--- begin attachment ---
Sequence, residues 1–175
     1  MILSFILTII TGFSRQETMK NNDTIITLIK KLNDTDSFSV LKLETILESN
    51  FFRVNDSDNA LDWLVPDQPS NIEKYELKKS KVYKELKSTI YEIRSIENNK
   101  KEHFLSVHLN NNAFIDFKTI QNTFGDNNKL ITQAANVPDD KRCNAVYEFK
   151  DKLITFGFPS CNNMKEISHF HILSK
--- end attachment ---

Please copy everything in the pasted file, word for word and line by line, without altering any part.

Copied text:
Sequence, residues 1–175
     1  MILSFILTII TGFSRQETMK NNDTIITLIK KLNDTDSFSV LKLETILESN
    51  FFRVNDSDNA LDWLVPDQPS NIEKYELKKS KVYKELKSTI YEIRSIENNK
   101  KEHFLSVHLN NNAFIDFKTI QNTFGDNNKL ITQAANVPDD KRCNAVYEFK
   151  DKLITFGFPS CNNMKEISHF HILSK